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Special Edition: Art Toronto
by ArtSlant Team


by David Yu

If ever asked to conjure up a list of international art fairs I would bet Art Toronto is pretty low on that list (that’s even if the fair makes it on the list at all). With such heavy hitting art fairs like Frieze, Hong Kong International Art Fair, The Armory Show, Art Basel and Art Basel Miami, it’s obvious why Art Toronto could be overlooked on an international art market platform. However, Art Toronto does fill a necessary hole for Canadian collectors. One could literally walk around this fair and get a good understanding of present day trends and what collectors within a Canadian market are currently interested in. The fair exhibitors' programming gives a good cross section of contemporary Canadian galleries with a sprinkling of international flavour. The fair also showcases a good mix of galleries that represent emerging art practices to mid-career and professional artists, e.g., Douglas Copland, Jeff Wall – giving a full buffet for visitors and collectors to gorge on. This year’s theme is Focus Asia, introducing a small section focused on contemporary Asian art curated by Zheng Shengtian (editor of Yishu Journal of Contemporary Chinese Art) and Katherine Don.

Why Toronto though? Avoiding the Toronto-versus-Vancouver pseudo competition that people from either city get trapped in from time to time, Toronto is considered the hub of contemporary Canadian art and culture with large institutions such as the Art Gallery of Ontario, Museum of Contemporary Canadian Art (MOCCA), The Toronto International Film Festival, and The Four Seasons Centre for the Performing Arts, serving up exciting contemporary programming that is recognized on a national and international level. Also, Toronto now has their very own ArtSlant page to help celebrate, report, and to keep a finger on the cultural pulse in this city...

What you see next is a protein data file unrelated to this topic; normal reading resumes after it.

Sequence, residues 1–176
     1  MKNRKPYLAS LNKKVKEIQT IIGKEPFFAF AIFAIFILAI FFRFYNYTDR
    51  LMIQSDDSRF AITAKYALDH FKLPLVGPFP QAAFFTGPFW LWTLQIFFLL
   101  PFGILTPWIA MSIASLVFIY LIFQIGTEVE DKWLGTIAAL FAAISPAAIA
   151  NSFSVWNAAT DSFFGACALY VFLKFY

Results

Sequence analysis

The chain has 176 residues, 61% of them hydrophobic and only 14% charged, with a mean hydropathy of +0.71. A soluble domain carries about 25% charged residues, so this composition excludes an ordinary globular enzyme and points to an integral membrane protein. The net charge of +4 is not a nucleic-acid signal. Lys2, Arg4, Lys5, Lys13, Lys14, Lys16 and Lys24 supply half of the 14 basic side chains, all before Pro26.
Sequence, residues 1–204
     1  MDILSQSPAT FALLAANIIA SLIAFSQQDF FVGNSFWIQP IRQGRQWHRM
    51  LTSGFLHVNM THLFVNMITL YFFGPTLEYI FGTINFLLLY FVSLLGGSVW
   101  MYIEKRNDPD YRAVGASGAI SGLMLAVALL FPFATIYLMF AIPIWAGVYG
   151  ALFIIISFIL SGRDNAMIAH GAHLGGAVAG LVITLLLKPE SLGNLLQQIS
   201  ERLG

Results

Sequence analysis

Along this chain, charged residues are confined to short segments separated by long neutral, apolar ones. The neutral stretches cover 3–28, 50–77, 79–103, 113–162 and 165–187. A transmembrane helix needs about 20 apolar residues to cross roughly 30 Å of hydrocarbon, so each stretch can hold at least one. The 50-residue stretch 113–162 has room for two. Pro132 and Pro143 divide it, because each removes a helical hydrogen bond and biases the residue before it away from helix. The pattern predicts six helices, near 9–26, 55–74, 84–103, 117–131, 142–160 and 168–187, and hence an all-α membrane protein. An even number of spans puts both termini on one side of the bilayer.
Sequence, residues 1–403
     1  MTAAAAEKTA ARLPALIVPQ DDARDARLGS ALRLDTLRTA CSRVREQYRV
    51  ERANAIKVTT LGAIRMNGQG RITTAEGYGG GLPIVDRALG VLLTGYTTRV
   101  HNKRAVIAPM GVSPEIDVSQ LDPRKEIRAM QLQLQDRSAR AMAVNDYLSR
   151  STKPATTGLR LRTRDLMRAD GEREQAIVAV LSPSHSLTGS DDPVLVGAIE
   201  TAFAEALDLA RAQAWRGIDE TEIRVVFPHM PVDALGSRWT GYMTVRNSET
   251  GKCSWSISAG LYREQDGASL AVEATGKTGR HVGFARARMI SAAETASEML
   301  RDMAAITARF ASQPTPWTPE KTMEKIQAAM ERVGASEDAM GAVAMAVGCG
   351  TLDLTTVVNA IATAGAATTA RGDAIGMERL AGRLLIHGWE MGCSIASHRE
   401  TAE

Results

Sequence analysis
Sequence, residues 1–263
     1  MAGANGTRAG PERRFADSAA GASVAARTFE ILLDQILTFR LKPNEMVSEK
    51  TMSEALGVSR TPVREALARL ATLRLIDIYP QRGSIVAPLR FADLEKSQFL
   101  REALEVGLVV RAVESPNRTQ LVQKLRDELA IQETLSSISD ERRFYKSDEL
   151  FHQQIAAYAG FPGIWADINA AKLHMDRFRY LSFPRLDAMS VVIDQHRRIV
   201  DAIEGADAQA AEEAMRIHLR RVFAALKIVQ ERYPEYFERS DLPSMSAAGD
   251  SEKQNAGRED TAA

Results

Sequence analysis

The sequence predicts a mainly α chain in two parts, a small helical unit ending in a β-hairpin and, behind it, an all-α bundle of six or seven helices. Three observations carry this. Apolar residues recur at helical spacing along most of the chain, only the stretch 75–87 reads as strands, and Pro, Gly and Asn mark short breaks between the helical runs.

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by Kate Addleman

Even if you don’t go to the swanky preview party at the Art Gallery of Ontario, even if you don’t make it down to Metro Convention Centre at all, you will feel Art Toronto in the city this weekend. The biggest art fair in the country, it will accommodate some 100 galleries and 20,000 attendees (watch them stream in over land, air, and water!) and prove, as always, a crucial moment in the yearly calendar of artists, their handlers, and the patrons who feed, clothe, and make stars of both. Knowing the city will be crawling with art enthusiasts before, during, and after the main event, galleries typically trot out their best in the days and weeks around it. It’s a good time to be in Toronto.

Being a resident of this city and therefore obsessed with diversity, I will dedicate this Art Toronto article to three very different — and very worldly — shows. First, representing Canada: Katie Pretti, “Swoon,” at Neubacher Shor Contemporary. I was first introduced to Pretti’s work about three years ago when a local Bonham’s auctioneer described it to me as a “sound investment.” Based in Toronto, where she completed her art school studies in 2004, Pretti is an abstract artist in the most explosive, exuberant sense...

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Long acclaimed in Canada as the country’s first conceptual artist & the founder of the “Vancouver School” of photoconceptualism, IAIN BAXTER& has only recently come to prominence in the United States with a retrospective jointly organized & exhibited by the Museum of Contemporary Art Chicago & the Art Gallery of Ontario, IAIN BAXTER&: Works 1958-2011. ArtSlant's Alicia Chester met up with BAXTER& to discuss his new exhibition – IAIN BAXTER&: Information/Location, North Vancouver ­– as well as his roots in that city, his electronic catalogue raisonnE, & the ampersand:

IB&: ...everything is interconnected: information & ecology & art & culture & life & eating & food. It can all be encompassed in my five favorite words: information, love, wonder, play, &... &.

AC: You just added a few “&”s to our count, I think...

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Posted by ArtSlant Team on 10/29/12

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